Jinko (agarwood) (沈香)
Jinko (agarwood), formally known as Jinsui Koboku (sinking fragrant wood), is one of the most popular types of koboku (fragrant wood). When the bark of Aquilaria trees in the family Thymelaeaceae (Latin name: Aquilaria agallocha), native to southeast Asia, is damaged by wind and rain, disease, pests, etc., they secrete a resin inside the damaged area to protect the heartwood. Jinko can be obtained by removing the damaged area after the accumulated resins are dried. Prior to the damage, the heartwood is very light with a density of 0.4, which becomes higher as the resin is accumulated to make the heartwood sink in water.
The name 'Jinsui' (sinking in water) comes from this phenomenon
Trees' trunks, flowers, leaves do not scent, but they exude a distinctive fragrance when heated. Thanks to nuanced variance in the scent of Jinko even though harvested from the same tree, it is suitable for use in Kumiko (combination incense) practiced in Kodo, a Japanese traditional ceremony where participants smell the slight difference in the aroma of incense. Jinko is classified into several categories according to the type of fragrance, production area, etc. Jinko of the most excellent quality is called 'Kyara' (agalloch) and appreciated. It is said that the origin of the word Kyara is the Sanskrit word 'Kaaraaguru,' which means black, and Kyara is also referred to as Kyananko, or Kananko. A detailed description of Jinko classification is provided by articles about Rikkoku-gomi (the six countries where Jinko is from and the five elements used to describe their aromas). Siam Jinko refers to Jinko produced in Indochina, which has a distinctive sweet aroma. Tani Jinko refers to Jinko produced in Indochina, which is characterized by an aroma accentuated with bitterness. Jinko is also a herbal drug with a tonic and sedative effect and is used as an ingredient for herbal medicine such as Hiya Kiogan. The word 'aloes' was used to describe agarwood in old English, which led to the misunderstanding that aloe (aloe vera) was one of the fragrant woods. Needless to say that agarwood and aloe belong to completely different families.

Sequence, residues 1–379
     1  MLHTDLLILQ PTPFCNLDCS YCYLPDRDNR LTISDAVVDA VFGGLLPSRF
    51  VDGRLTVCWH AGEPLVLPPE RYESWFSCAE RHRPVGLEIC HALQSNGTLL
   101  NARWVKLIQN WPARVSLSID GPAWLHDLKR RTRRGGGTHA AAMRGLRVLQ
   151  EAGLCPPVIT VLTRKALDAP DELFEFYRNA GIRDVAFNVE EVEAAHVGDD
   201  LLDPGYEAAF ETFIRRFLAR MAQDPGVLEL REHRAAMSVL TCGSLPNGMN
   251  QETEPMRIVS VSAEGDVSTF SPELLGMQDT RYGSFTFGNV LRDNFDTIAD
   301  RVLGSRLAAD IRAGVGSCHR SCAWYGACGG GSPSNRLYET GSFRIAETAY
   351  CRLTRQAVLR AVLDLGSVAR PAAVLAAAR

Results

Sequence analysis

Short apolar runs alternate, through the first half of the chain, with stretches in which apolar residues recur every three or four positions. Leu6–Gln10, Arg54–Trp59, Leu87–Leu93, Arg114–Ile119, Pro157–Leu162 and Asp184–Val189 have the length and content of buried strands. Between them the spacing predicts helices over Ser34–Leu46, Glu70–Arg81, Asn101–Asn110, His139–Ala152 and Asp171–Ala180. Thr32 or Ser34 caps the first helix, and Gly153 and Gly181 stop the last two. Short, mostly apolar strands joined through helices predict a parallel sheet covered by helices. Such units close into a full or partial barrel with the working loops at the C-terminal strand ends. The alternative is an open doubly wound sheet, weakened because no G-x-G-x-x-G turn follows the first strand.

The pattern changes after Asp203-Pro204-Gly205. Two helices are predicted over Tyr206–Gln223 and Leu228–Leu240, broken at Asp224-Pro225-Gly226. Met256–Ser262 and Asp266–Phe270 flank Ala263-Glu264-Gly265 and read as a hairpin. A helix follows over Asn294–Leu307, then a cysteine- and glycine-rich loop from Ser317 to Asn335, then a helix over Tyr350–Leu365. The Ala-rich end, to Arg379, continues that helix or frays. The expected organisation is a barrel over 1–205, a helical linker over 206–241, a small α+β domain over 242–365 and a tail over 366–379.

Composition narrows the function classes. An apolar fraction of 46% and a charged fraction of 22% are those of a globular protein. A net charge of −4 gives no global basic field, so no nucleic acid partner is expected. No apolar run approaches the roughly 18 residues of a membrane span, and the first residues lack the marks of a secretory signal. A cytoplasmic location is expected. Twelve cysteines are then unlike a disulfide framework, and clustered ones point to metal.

The most ancient description of Jinko is that a fragrant wood washed ashore on a beach on Awaji Island in May to June 595, and this is said to be the first introduction of Jinko to Japan. According to a folklore introduced in the Nihonshoki (Chronicles of Japan), (Awaji) locals, finding that the wood that washed ashore exuded a pleasant smell when putting it on a fire, presented the wood to the Imperial Court as a tribute, and the wood was appreciated by the Court. The huge Jinko named 'Ojukuko,' which is 156 cm in length and 43 cm in the maximum diameter and weighs 11.6 kilograms, is housed in the Shoso-in Treasure Repository at Todai-ji Temple together with other treasures. It is considered that this bulky Jinko was brought to Japan prior to the Kamakura period, and thereafter, powerful leaders of the time cut pieces from the bulk. The places in Ojukuko from which the eighth Shogun of the Muromachi bakufu (Japanese feudal government headed by a shogun) Yoshimasa ASIKAGA, Nobunaga ODA, and the Meiji Emperor cut pieces are tagged. A record housed in Todai-ji Temple reads that Nobunaga cut two pieces of Jinko from the bulk that were 3.03 cms by 4 cms. In April 1992, the National Association of Takimono Senko Unions designated the 18th of April as 'Incense Day' because April was the time when, as identified by the above-mentioned descriptions in the Nihonshoki, Jinsui Koboku had arrived Japan for the first time, and the word '香' ('incense' in English) can be associated with the 18th, as the word can be divided into '十' (ten) and '八' (eight), thus equaling 18.